1. Building used as garage, 203 ft. 3 in by 66 1/2 feet, concrete foundation, concrete floor; fourteen foot walls; suspension roof; outside walls of drop siding; composition roofing.
2. Building constructed and used for Machine shop, 125 ft. 4 in by 66 feet 4 in, concrete foundation, and floor, 14 foot walls; Lights, gas, and water connections.
3. Building constructed and used for Motor testing shop, being a room 65 ft. 3 in by 25 feet 3 in, with sky lights, concrete foundation and floors. Extending out from this room is a shed, 38 ft. 4 in by 18 feet, and on each side are open concrete floors, used for washing automobiles; the entire concrete flooring of this structure being 65 ft 3 in by 63 ft 7 in.
4. Building 60 x 40 feet, used for Post Exchange. , suspension ceiling, concrete foundation and floors, Water gas, and light connections.
5. Building 60 ft 3 in by 28 ft 3 in, constructed and used for Black Smith Shop. Concrete foundation and floors, etc.
6. Building 36 ft 4 in by 14 ft 3 in, used for toilet."
7. One concrete reservoir, about 20 x 30 feet used by the Government as a filtration plant.
Construction of a plant for the manufacture of pottery which will be called Love Field Potteries began in July according to an August 1923 article entitled "93 New Concerns for the Month." The article recaps 93 businesses which began operations and or construction during the month of July 1823. Love Field Potteries is listed and its officers were given as L. S. McKamy , president: E. B. Doggett, vice president: E. T. Jackson (Taylor) secretary-treasurer: George L. McLendon, Sales Manager.
George L. McLendon relationship with Love Field Potteries and its other shareholders is unclear between 1926 to 1928. In early 1926 George L. McLendon is listed as one of the major shareholders in the newly formed Southern Potteries Corporation, Dallas , Texas. Also during 1926 James Andrew Green came to work at the pottery filling the position of Kiln Burner and Acting Plant Manager, according to a Green family member. While these two events are only circumstantial one has to wonder if Mr. McLendon affiliation with Love Field Potteries had not ceased by 1926. While there is no solid evidence to support this by 1929 there is evidence that his official status as a shareholder in Love Field Potteries had changed. In the "Charter of Love Field Potteries; Proof of Final Payment" dated the 3rd day of July 1929 George L. McLendon is no longer listed as a stockholder. The stockholders are described as L. S. McKamy, E. B. Doggett, F. W. Jackson, Dr. O. T. Mitchell and Taylor Jackson.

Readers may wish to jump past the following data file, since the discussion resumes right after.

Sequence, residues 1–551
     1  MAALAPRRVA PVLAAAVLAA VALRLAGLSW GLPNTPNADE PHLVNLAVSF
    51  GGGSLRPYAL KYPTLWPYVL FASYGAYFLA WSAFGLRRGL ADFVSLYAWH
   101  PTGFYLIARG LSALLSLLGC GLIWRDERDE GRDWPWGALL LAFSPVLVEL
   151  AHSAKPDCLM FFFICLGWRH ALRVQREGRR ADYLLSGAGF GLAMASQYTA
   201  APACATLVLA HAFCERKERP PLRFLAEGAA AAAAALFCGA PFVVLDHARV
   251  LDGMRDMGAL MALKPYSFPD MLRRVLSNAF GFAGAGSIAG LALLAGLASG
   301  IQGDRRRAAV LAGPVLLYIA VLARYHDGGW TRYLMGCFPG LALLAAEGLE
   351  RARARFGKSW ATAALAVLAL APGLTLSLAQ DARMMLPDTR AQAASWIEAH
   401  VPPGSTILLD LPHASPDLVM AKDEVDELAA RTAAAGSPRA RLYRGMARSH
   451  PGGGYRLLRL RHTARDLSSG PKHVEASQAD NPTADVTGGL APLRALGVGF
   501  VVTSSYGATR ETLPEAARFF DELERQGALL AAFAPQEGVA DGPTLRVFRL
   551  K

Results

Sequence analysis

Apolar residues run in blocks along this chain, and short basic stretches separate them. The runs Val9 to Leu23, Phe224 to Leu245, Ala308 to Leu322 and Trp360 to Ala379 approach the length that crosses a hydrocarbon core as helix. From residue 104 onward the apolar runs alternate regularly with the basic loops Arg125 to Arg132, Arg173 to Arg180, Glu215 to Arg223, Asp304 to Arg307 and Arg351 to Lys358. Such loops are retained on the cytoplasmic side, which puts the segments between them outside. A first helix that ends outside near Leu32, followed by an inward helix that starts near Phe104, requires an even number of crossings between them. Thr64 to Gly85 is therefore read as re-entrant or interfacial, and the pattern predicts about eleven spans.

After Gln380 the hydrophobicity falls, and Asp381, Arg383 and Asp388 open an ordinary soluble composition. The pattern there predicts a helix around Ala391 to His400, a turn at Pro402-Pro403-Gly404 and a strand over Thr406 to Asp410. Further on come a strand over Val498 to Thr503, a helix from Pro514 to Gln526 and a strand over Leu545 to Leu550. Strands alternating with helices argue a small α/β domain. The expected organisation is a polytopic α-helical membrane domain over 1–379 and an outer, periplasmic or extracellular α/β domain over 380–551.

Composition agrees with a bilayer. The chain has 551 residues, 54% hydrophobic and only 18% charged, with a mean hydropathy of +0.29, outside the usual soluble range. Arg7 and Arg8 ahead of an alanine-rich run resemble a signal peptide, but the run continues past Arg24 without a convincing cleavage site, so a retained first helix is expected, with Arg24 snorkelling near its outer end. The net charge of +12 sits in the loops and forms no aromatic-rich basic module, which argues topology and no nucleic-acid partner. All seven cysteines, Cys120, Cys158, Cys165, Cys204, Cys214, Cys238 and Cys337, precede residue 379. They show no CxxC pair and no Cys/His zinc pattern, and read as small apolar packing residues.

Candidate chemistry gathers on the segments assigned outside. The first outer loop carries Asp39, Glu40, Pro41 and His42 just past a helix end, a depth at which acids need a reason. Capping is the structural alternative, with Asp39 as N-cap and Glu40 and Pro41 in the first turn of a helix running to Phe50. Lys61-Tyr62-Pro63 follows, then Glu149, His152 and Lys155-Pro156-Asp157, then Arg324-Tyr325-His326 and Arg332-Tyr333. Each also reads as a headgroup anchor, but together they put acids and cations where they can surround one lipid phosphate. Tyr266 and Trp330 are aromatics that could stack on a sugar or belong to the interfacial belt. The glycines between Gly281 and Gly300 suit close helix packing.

Finding primary source material on Love Field Potteries is often more difficult than locating examples of their products. Yet, in February, 1925 the Dallas Times Herald ran an article entitled "Little Romance Left in Pottery Manufacturing: Modern and Ancient Pottery Making Methods in Use at Love Field Plant." describing how Love Field was harnessing modernization and mechanization techniques to change the time honored methods of pottery manufacturing. No longer were hand turners, master potters utilizing the turning wheel, the norm: rather, unskilled production personal had had replaced them. The pottery wheel no longer held its monopolistic place on the potters list of tools. Moulds, jigs and dies now were replacing the potters wheel. "Two boys, with the aid of a huge punch and die, can produce 250 flower pots a minute. A hand potter of the old school would have to force production to make that many in a day."
To be an economically viable entity early 20th century manufacturers were as concerned with increasing production and cutting overhead just as today's companies struggle to do the same. Love Field Potteries by harnessing and embracing modern equipment, machinery and manufacturing techniques , as well as utilizing unskilled labor rather than skilled labor made, it a shinning example of a then thoroughly modern manufacturing company . "Little Romance Left in Pottery Manufacturing: provides us with a rare glimpse inside the workings of a then modern mass production company. The mechanized production process used at Love Field was described as:
A mammoth punch presses the shape, automatic conveyers carry it to the driers, rubber tired wagons remove shapes to the kiln and after baking process is completed, carry them to the painters and the glazers. it takes a machine but a fraction of a moment to complete the design. Machines now dip the shapes into huge baths of glaze....Automatic racks carry the wet glazed pots into the kiln
This article goes on to say that the clay came from an East Texas digging. A relative of Taylor Jackson has told me that according to a Journal in her possession relating to the potter stated that the clay came from Wood County Texas. All of the items made by Love Field Potteries were made of white clay with the exception of an unglazed one inch (1") an four (4") inch red clay flower pot. Whether both the red clay and white clay came from the same clay pit is unknown at the time of this writing.
Still In Progress...
* The property as valued at $35,400 but was encumbered by two notes totaling $3,400 which the corporation assumed. $35,400 - $3,400 = $32,000 thus the land total credit to L.S. McKamy.
A. Crocks placed in round Kiln to be fired for 48 hours
B. Child in a 20 gallon Crock (Virginia Laprelle daughter of George McLendon)
C. Master potter finishing hand turned pedestal
D. Steel die used to manufacture flower pots.
E. Round Brick Kiln
Dallas Times Herald, Feb. 8, 1925, "Little Romance Left in Pottery Manufacturing: Modern and Ancient Pottery Making Methods in Use at Love Field Plant."